Universal Credit: more reasonable in Northern Ireland
The relationship between governments and benefits claimants has become adversarial. It wasn't always this way.
Social security is viewed as a cost that should be cut. Here in the UK, the Department for Work and Pensions (DWP) has been accused of all sorts of poor behaviour during its significant reforms since 2010: being misleading, being arrogant, being cruel.
As the old system has, over time, changed to Universal Credit, DWP has repeatedly faced allegations of setting targets for its benefits allocations - as opposed to taking each case on its merits - and designing and implementing a sanctions system for non compliance that is purely punitive.
However, the dynamics between government and citizen do not have to be like this. The temperature of debate does not need to be so high.
Northern Ireland's Department for Communities (DfC) wants local people to be assessed honestly. In fact, they have funded a guide "designed to assist frontline generalist advisers in their work in supporting benefit claimants who are at risk of being sanctioned or who have been sanctioned."
Understanding, Avoiding & Challenging Sanctions was produced by the Law Centre NI and published in April, put together "to avoid claimants being sanctioned".
This contrasts with DWP's own aggressive pursuit of sanctions. Scope spoke with Ciara Fitzpatrick, from the Law Centre, who said DfC "wants to take a different tack" compared with the rest of the UK.
"They want to make sure that they assert sanctions as a last resort, therefore they provided funding for this publication to understand, avoid and challenge sanctions and they was to make sure as few people as possible are sanctioned.
"DfC has also put in place a number of extra steps, when compared with the rest of Britain, to protect the claimant from the sanction being imposed."
These extra steps include assessors making three attempts to find out whether there has been a good reason for non compliance, and also much more readily available home visit provision to make things easier for claimants.
Universal Credit, and the extent of its sanctions, are largely the preserve of the past two Tory governments. But in truth the change in social security, and in the relationship between politicians and claimants, has been happening for decades.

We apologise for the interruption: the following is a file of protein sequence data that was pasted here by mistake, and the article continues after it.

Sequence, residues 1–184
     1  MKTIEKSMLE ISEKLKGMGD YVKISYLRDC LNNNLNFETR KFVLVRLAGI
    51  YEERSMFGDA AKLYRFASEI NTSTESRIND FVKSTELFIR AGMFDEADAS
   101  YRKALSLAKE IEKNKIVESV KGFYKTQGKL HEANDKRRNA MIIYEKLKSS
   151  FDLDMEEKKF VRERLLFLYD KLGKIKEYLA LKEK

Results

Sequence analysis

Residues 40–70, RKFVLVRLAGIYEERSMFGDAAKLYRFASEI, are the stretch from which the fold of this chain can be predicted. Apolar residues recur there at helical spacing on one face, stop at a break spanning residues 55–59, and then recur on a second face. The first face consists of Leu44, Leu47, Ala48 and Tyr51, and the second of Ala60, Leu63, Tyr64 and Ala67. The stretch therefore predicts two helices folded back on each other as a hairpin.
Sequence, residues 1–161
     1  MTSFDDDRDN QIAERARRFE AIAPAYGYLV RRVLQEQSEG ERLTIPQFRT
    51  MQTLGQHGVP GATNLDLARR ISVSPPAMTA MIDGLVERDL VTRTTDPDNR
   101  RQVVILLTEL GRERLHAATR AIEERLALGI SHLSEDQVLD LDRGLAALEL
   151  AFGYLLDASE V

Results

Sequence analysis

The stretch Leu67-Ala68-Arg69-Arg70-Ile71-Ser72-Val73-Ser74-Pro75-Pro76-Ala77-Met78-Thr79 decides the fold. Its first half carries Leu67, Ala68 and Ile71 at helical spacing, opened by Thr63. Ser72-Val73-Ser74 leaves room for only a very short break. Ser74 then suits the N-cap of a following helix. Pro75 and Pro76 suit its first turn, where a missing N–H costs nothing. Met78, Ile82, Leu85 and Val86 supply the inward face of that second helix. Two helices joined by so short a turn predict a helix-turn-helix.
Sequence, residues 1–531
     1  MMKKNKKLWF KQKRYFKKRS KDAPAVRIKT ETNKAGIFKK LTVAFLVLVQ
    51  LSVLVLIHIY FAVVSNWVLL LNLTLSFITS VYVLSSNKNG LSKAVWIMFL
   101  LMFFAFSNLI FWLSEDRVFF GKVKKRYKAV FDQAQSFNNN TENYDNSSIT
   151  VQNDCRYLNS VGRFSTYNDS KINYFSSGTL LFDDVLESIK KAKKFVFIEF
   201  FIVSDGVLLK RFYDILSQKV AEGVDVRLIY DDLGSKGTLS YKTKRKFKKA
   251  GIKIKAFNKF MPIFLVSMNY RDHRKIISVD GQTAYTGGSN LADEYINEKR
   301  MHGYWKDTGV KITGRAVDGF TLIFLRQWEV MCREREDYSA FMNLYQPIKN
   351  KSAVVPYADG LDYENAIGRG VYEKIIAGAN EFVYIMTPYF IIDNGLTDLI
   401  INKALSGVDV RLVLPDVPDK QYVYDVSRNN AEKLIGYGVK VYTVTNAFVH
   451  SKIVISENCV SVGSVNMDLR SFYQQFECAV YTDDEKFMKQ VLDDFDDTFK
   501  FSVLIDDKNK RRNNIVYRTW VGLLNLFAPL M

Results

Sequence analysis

Scope wrote previously about the WelCond report, published last month, which looked into welfare conditionality and, in particular, at sanctions - and concluded the current system is not just imperfect but broken.
Ms Fitzpatrick - whose PhD thesis looked at the intensification of conditionality from 1974 until now - said she agreed with the conclusions of the WelCond report.
"I think generally the Welfare Conditionality project is right. Sanctions have been proven, through research, not to be productive or useful at getting people into work. Therefore they are purely for punitive reasons - to punish, and reduce the entitlement of the most vulnerable and the poorest.
"There's evidence going as far back as 2008 they haven't been working so one has to call into question the government's reasons for continuing with such harsh sanctions regimes.
"It's ideological legislation. That has been the case since the 1980s, particularly the Welfare Reform Act of 2007 and the Welfare Reform Act 2009. They really intensified conditionality and the coalition government was able to build on that when making reforms. So, when it comes to sanctions, the Labour government really started things off.
"There are quite a few problems with Universal Credit that need to be fixed but the [Westminster] government doesn't seem to be interested in doing that so the advice sector will have to pick up the pieces and ensure that people get the best advice they can."
Design and execution
Sanctions are not the only problem with Universal Credit. One issue - among many - that Ms Fitzpatrick says is a problem is in-work conditionality, whereby people who are in work and claiming social security can have conditions placed upon their benefits.
"The concept of in-work conditionality is almost completely untested anywhere in the world.
"For example, as part of this you have to try and increase your hours to full time. So, if you are doing 16 hours a week you need to work more hours or find a different job - and you can be sanctioned if you don't do enough to increase your hours worked.
"In many ways it is a contradictory policy because the government and employers are quite supportive of zero-hours contracts but in-work conditionality seeks for individuals to work full time - it's not really workable with the zero-hour contract model. They rub against each other in the wrong way.
"I also don't know how much contact the government has had with employers, in terms of the impact on them; employees on Universal Credit will be seeking more hours, or have to get another job, possibly increasing staff turnover.”
The Law Centre's new guide for independent advisors is part of their effort to boost the third sector's capacity (the centre also offers a course for welfare advisors, to help them fully understand the benefits programme).
The importance of doing this is obvious to people working in advice.
"It really isn't easy to be a benefits claimant in the current system.
"Their time is spent trying to survive rather than being able to find training and job opportunities, so in a way it's counterproductive.
Ms Fitzpatrick said she believes that Universal Credit was conceived as a simplification of social security but concurrent cuts from the Treasury undermined its stated aim of ensuring that all claimants or potential claimants would be better off in work in all circumstances.
The new system is still being rolled out across NI and the Law Centre has not received a huge number of calls asking for help, yet, but expects this to change over the coming months.
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